Janine Constantin-Russell is the Managing Director of Icon Outlet at The O2. The location is one of London’s busiest shopping destinations and is anchored by brands including Adidas, Calvin Klein, Nike, Superdry, Ted Baker, and Tommy Hilfiger.
Constantin-Russell has worked at some of London’s most known brands and locations. Before joining Icon Outlet in November 2018, she was General Manager at Liberty for two years. She also worked as Head of Retail at Whistles; Senior Retail Director at Bicester Village; Head Of Retail, Luxury Jewellery and Accessories at Harrods; Retail Director at Browns; and Divisional Manager, Luxury Accessories and Fine Jewellery at Selfridges.
She talks to TheIndustry.fashion about the last four years at Icon Outlet, the impact of COVID-19, the destruction of the buildings roof earlier this year, the developing retail landscape, and why outlet shopping continues to grow.
Tell me about your role at Icon Outlet, how it has developed since you joined in 2018?
I look after everything here at The O2 except for the arena, which covers retail, marketing, and leasing. My role basically sees me be the ambassador for everything we do here!
I would say that my experience in retail has allowed me to really understand the market and secondary-price proposition, so when I initially came to Icon Outlet I was working with a lot of the big retail brands I’d worked with before and was able to talk to them about what really helps an outlet destination succeed – the best product, exclusives, special products. And of course, to succeed you’ve got to have a customer who enjoys spending.
My job also sees me deal with a lot of independent brands – I help with them with their initial move and shop fit into the destination, visit them weekly, chat about what’s selling, new product mix, how customers are behaving, and so on!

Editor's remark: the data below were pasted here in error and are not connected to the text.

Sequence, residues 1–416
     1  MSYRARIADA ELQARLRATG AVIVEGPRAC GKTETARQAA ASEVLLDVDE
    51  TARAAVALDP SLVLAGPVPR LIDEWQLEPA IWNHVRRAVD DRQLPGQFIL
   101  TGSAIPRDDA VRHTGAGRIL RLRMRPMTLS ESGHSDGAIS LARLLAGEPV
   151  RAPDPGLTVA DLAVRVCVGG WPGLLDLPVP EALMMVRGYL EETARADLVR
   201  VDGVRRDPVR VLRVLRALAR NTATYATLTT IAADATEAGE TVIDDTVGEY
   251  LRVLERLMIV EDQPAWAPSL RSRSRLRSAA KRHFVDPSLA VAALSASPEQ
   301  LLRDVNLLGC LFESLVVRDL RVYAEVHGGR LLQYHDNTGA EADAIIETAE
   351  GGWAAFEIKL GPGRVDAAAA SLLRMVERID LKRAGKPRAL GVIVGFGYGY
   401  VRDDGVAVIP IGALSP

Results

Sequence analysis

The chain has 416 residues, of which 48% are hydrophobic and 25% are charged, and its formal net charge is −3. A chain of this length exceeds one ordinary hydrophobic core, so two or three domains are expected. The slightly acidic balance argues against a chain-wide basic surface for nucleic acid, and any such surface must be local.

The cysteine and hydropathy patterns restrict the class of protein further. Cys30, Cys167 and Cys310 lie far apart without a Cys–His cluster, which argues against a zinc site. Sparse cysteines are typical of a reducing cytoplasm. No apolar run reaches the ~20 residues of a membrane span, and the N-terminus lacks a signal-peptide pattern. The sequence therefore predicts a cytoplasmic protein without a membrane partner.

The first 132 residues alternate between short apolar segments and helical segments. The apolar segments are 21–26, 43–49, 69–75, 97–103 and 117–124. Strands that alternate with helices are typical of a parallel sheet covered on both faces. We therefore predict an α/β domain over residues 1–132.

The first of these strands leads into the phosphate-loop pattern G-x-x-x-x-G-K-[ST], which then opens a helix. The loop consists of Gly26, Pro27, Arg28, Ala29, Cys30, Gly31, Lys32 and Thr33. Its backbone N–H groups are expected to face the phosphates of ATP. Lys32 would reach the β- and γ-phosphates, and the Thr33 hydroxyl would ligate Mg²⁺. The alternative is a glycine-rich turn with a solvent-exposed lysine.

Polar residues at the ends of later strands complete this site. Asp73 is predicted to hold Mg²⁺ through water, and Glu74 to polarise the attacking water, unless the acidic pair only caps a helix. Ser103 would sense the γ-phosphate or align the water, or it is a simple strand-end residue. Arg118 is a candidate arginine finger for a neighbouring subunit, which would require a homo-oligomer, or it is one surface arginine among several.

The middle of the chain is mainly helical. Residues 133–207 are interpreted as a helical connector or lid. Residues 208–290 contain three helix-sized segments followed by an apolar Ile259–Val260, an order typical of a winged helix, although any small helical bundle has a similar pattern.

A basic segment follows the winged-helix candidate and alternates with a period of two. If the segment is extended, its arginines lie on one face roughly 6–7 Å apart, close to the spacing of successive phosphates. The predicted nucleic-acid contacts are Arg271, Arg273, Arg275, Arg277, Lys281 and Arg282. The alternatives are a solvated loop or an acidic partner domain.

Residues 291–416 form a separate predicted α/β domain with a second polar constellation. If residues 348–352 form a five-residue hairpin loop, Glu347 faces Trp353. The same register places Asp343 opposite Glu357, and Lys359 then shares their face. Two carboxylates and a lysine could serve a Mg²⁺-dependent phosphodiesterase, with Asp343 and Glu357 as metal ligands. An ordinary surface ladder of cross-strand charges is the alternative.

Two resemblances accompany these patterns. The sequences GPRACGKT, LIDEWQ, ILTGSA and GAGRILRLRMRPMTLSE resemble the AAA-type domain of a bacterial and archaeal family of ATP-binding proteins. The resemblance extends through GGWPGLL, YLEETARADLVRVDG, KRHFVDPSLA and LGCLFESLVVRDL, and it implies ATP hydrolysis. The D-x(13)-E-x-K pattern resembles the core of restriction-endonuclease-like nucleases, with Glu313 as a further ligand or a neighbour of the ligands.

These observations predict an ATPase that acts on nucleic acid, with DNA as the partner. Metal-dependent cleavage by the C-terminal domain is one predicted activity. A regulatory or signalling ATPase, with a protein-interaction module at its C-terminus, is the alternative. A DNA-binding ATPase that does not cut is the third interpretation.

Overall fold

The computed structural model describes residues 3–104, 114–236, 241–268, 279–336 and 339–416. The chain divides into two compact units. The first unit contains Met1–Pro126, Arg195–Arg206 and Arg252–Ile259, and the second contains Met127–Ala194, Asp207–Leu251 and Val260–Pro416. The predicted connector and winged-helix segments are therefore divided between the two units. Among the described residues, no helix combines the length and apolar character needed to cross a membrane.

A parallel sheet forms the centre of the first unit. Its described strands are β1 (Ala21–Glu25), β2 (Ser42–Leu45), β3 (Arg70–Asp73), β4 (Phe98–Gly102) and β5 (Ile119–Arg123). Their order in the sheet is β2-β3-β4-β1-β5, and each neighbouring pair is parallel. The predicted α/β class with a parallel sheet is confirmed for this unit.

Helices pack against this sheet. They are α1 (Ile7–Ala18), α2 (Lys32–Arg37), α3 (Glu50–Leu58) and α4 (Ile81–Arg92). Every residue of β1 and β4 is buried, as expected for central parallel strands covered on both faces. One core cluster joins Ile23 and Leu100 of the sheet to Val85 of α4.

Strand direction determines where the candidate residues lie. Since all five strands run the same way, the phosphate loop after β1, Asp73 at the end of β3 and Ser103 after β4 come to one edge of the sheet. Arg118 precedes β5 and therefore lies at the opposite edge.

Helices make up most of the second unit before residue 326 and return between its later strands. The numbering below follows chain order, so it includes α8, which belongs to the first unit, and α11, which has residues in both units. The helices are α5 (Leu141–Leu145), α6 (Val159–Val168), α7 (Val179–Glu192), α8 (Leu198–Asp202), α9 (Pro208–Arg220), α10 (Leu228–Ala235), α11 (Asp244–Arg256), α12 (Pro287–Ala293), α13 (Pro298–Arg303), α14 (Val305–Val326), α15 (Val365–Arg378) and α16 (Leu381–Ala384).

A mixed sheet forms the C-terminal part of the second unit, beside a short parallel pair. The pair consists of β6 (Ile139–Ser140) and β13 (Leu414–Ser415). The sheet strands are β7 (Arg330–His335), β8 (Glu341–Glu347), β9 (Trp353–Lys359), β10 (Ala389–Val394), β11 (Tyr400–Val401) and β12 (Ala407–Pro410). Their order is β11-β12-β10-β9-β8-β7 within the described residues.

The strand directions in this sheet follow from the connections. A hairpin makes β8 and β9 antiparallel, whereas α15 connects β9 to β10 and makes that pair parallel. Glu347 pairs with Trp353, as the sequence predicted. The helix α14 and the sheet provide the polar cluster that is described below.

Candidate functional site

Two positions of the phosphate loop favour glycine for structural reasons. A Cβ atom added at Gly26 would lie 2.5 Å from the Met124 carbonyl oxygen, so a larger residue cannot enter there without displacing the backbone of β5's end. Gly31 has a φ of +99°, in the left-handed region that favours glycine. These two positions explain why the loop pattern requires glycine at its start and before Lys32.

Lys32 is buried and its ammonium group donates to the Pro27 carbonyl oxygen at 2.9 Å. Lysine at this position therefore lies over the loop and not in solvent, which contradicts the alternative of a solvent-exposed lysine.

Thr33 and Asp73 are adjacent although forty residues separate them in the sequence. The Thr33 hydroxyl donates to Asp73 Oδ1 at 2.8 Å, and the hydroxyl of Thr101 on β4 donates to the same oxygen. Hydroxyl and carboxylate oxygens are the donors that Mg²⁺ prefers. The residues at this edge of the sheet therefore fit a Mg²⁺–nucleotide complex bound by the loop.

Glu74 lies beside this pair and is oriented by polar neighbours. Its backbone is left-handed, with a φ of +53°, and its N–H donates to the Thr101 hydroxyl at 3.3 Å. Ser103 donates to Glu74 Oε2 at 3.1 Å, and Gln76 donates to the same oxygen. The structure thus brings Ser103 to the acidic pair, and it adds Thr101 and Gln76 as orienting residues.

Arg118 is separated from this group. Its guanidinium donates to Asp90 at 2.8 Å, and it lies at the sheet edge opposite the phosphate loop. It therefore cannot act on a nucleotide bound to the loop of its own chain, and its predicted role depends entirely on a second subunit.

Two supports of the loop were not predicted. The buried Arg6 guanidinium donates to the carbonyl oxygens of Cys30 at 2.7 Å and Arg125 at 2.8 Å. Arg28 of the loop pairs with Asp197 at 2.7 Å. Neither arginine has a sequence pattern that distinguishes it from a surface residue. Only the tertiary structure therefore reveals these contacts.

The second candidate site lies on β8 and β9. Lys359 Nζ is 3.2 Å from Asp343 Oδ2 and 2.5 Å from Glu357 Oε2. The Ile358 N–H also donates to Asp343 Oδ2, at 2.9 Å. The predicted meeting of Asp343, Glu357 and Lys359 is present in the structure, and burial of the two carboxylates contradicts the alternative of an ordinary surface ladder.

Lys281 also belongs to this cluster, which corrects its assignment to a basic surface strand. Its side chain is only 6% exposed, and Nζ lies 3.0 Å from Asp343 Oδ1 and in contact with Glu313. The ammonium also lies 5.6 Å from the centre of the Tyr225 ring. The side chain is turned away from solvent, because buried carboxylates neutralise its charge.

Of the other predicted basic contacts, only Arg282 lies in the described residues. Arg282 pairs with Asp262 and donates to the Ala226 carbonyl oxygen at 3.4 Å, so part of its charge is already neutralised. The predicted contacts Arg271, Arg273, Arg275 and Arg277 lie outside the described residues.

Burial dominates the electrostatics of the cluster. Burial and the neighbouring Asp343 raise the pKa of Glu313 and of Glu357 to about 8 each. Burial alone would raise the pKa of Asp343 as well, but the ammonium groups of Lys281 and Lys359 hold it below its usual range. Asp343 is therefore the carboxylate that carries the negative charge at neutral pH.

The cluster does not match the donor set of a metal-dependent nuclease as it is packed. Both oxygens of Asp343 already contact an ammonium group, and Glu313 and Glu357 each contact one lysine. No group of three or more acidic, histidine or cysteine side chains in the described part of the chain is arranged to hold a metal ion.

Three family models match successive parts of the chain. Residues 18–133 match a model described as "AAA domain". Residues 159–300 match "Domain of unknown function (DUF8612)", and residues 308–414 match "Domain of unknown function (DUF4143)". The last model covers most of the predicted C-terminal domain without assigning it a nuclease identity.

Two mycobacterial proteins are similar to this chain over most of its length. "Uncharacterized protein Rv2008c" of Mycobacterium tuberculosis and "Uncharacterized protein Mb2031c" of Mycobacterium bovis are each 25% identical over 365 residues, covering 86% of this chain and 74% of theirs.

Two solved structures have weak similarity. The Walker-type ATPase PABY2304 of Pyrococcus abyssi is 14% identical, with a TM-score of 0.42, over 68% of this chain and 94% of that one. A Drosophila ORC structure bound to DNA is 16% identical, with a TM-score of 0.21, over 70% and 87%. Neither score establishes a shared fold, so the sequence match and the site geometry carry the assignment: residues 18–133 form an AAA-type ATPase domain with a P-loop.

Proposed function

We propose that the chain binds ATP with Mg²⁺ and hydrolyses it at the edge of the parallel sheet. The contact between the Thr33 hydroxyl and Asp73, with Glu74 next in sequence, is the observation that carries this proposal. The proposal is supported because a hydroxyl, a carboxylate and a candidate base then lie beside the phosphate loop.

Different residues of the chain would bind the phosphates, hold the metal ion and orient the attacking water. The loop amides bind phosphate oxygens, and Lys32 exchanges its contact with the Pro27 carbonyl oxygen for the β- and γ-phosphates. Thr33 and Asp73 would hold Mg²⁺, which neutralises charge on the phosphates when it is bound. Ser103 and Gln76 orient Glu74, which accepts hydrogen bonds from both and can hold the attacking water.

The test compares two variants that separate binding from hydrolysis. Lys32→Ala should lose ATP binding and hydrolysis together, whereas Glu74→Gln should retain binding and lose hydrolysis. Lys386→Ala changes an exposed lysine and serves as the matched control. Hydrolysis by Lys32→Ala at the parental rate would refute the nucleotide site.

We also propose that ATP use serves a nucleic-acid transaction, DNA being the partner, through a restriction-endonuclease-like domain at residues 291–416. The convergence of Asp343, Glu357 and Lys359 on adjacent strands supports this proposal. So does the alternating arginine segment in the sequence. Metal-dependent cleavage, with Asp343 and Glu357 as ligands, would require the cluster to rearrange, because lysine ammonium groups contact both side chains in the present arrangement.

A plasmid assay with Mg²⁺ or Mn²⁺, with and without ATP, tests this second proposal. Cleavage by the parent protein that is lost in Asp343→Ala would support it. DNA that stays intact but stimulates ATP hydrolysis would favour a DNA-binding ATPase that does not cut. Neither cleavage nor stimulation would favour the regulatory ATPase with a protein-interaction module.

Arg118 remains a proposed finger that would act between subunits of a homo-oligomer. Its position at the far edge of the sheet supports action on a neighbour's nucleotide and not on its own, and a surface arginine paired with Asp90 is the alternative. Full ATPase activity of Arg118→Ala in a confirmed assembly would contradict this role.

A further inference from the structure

In the last four years my team has also grown – I now have a Retail Director, an Operations Director, a Leasing Director for Icon Outlet, as well as an Asset Manager for F&B. We’ve developed and grown but still have the same vision we had when we opened – growing a team simply means I now have a lot more time to think strategically and look towards the future of the destination.
Looking at the last four years, what changes have you seen at the destination?
I have definitely seen our consumer grow as we’ve grown and developed. We are now really focusing on the message that we’re a destination with lots of things to do ‘under one tent’, as opposed to when we opened where we talked about all of our aspects differently and separately.
We’ve also grown, which is difficult in a space that has a specific amount of sq ft! We’re expanding into spaces actually outside of the dome structure, which is very exciting to us.
Over the last four years, what have you done here that really stands out at Icon-ic?
It’s really hard to not be proud of everything that happens here and we’re really lucky that we employ incredible people!